Toasting Success: Responding to Critical Issues in the Wine Industry
UC Davis Wine Executive Program Celebrates 12th Year

Robert Smiley is a professor emeritus of management and served as dean of the Graduate School of Management from 1989 to 2003. He is co-director with David Block of Viticulture & Enology Program (V&E) of the UC Davis Wne Executive Program to be held March 26 -29.

Responding to Industry Challenges

The wine industry is experiencing major change in response to both market conditions and consumer demand. Recently, the industry has become more professional, in the sense that senior managers are better trained–they realize what they don’t know. Companies bring in people from other industries to run different parts of the firm. It’s a dynamic, booming industry, but it faces specific challenges. We recently had a bad crop year; going forward we’ll see shortages of grapes simply because we’re not planting as much as we should. We’ll go from a surplus situation in the last five years to a shortage situation in the next five years.

The question is: will consumers stay with California wines if they can’t find them at a certain price or on discount, or will they turn to European or out of state wines?

I recently attended a meeting of 25 senior leaders in the industry, where each shared what they considered to be the most critical issues. First, of course, is the shortage of crop. The second is trying to understand the consumer and learn new ways to build brand loyalty in an industry that doesn’t have any.

Another tricky issue is that there is a rather large glut of grapes in Europe. Italy, France and Spain are big producers, but their consumption has been dropping dramatically. People of drinking age have turned to other beverages, which means there are too many grapes. You can be sure that bulk wine will be coming in from Europe because they have a surplus and we have a shortage. Will the consumer notice or care that the grapes come from Spain or Italy, rather than Central California? We don’t know. It’s just one of the major questions that we’ll be discussing during the program this year.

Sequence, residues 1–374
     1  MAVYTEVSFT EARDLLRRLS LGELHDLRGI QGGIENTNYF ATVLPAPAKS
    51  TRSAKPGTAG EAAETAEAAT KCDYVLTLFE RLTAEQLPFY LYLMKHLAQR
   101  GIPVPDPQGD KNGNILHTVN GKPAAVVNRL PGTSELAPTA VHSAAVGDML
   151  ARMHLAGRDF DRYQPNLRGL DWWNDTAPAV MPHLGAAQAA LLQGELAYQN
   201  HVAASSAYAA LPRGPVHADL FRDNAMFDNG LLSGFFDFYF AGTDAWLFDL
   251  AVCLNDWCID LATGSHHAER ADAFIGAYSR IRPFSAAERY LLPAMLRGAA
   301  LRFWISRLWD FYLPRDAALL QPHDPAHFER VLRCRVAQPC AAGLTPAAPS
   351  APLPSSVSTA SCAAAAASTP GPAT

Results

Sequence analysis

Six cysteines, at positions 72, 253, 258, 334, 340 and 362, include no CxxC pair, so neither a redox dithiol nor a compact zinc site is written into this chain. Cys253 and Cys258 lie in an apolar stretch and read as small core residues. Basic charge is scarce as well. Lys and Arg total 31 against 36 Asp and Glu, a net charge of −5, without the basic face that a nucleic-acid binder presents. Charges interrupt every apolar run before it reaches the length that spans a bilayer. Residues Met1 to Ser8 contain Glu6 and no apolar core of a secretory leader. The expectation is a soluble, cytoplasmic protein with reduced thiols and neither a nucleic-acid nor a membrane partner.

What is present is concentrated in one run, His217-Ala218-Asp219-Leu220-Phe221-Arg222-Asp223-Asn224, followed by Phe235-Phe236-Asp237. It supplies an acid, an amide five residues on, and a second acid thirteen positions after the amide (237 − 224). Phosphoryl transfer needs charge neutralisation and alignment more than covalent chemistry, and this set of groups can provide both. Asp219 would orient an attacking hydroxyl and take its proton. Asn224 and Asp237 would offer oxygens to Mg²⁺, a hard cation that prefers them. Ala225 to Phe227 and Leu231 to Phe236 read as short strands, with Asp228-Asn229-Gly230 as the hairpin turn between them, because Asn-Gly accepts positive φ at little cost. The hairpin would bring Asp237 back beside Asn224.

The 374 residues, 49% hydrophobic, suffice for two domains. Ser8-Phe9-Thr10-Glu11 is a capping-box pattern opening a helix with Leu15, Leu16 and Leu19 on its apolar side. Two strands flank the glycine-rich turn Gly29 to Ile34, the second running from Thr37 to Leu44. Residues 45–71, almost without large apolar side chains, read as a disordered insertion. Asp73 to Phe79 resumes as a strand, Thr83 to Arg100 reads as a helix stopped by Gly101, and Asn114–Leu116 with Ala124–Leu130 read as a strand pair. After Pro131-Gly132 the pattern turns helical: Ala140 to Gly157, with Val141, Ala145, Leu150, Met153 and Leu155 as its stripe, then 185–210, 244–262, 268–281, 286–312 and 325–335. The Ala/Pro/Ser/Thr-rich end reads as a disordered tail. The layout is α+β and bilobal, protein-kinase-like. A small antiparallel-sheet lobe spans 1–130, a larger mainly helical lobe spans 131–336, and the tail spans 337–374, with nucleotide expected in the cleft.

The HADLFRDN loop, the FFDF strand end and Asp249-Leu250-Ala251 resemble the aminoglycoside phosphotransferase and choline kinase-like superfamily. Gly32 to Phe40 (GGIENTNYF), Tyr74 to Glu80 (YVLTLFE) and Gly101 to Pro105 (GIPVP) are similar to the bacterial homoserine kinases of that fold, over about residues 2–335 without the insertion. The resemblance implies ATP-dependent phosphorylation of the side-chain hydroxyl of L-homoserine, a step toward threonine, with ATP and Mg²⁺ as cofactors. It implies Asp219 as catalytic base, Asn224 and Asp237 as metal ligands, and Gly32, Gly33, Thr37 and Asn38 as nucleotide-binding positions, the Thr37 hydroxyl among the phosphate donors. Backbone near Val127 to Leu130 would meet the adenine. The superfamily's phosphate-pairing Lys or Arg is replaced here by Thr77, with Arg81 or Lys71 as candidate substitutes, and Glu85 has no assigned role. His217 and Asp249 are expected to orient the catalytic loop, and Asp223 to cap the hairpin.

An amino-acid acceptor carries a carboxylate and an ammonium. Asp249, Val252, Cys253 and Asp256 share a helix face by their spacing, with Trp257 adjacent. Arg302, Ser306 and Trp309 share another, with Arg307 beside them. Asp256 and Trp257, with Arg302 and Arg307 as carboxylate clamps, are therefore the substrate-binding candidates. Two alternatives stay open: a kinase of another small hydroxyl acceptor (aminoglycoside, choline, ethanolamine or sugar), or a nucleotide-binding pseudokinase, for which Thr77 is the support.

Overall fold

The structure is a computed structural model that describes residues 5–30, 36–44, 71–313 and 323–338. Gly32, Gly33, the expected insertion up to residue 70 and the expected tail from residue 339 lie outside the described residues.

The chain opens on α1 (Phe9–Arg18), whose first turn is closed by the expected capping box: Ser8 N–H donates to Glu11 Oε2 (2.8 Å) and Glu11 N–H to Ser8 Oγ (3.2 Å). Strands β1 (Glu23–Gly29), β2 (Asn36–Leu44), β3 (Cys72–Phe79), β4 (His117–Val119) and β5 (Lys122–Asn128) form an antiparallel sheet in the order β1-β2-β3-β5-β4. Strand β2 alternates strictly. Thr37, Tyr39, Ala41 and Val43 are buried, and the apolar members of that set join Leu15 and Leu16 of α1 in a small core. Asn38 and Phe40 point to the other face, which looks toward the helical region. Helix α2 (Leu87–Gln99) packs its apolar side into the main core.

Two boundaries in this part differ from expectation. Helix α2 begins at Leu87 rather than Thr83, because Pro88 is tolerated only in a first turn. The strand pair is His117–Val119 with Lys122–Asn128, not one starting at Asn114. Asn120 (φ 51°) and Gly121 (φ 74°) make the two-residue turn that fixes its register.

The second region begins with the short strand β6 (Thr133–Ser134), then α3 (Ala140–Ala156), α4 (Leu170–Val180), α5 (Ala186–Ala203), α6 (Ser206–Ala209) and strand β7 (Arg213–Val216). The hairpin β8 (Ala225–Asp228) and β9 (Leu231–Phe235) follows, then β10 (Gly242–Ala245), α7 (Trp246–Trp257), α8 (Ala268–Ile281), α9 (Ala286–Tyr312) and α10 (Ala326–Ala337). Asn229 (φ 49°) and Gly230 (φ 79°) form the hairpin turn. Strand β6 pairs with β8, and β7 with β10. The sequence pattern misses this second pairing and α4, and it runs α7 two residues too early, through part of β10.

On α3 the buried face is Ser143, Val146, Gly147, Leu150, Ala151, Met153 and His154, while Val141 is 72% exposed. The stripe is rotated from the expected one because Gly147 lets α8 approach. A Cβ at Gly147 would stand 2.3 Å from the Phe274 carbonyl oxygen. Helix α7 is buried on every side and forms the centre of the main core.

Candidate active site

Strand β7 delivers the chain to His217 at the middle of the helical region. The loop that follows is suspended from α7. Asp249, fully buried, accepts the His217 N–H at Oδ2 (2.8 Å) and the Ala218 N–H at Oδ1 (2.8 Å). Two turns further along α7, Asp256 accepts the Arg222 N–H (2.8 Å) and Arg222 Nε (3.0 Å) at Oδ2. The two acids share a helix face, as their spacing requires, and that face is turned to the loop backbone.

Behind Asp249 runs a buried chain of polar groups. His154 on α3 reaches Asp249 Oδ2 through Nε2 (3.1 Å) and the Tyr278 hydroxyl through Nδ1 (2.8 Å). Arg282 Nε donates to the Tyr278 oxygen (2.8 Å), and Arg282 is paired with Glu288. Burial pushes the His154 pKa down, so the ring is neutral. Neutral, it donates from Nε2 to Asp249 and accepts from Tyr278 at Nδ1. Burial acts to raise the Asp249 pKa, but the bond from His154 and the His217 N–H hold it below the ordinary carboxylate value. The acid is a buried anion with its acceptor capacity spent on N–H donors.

The Wine Executive Program, Born Out of Demand

I started the Wine Executive Program at UC Davis a dozen years ago, having been in frequent contact with senior executives in the wine industry. They approached me and asked if we could create an educational program that would combine wine making, grape growing and management. They were interested in something on the same level of executive education as they might find at Stanford or Harvard. I met with the head of the Viticulture & Enology Program (V&E) and we designed the program together.

A Unique Program, Tailored to the Wine Industry

The program provides a quick and high-quality way to bring executives up to speed. For example, a few years ago the newly appointed CFO from the world’s largest wine company attended. He had moved from the hotel to the wine industry so he knew a lot about finance, but not very much about wine making. He told us he learned an enormous amount at our program in just four days–it was a “crash course” for him. Equally important is that he learned where to look for answers to other questions he might have in the future.

We also educate a wide range of professionals who serve the industry: accountants, bankers, attorneys, cork and glass and other suppliers. Related companies ofter rotate people through their firm, so they may need to train inform someone like a banker how loaning in the wine industry is different from housing or consumer products.

The program draws equally from the expertise of  the Graduate School of Management (GSM) and Viticulture & Enology. The GSM teaches business and management topics such as economics, finance, accounting, marketing, organizational behavior and innovation. V&E teaches grape growing and wine making. Within each of those areas we cover various topics: What is current practice and how do you do it (for those people who are just coming into the industry)? What is the most recent research and what are the questions concerning the industry at the moment? Where is the industry is going with regard to grape growing and wine making?  

One of the reasons the Wine Executive Program has had long-term success is because we modify the program each year to address industry-specific issues. Our goal is to always give executives actionable information they need, from the most basic topics to a full understanding of the industry landscape, complete with cutting-edge research and analysis of market trends. I invite you to join us at this year’s Wine Executive Program, hosted at UC Davis on March 26-29.



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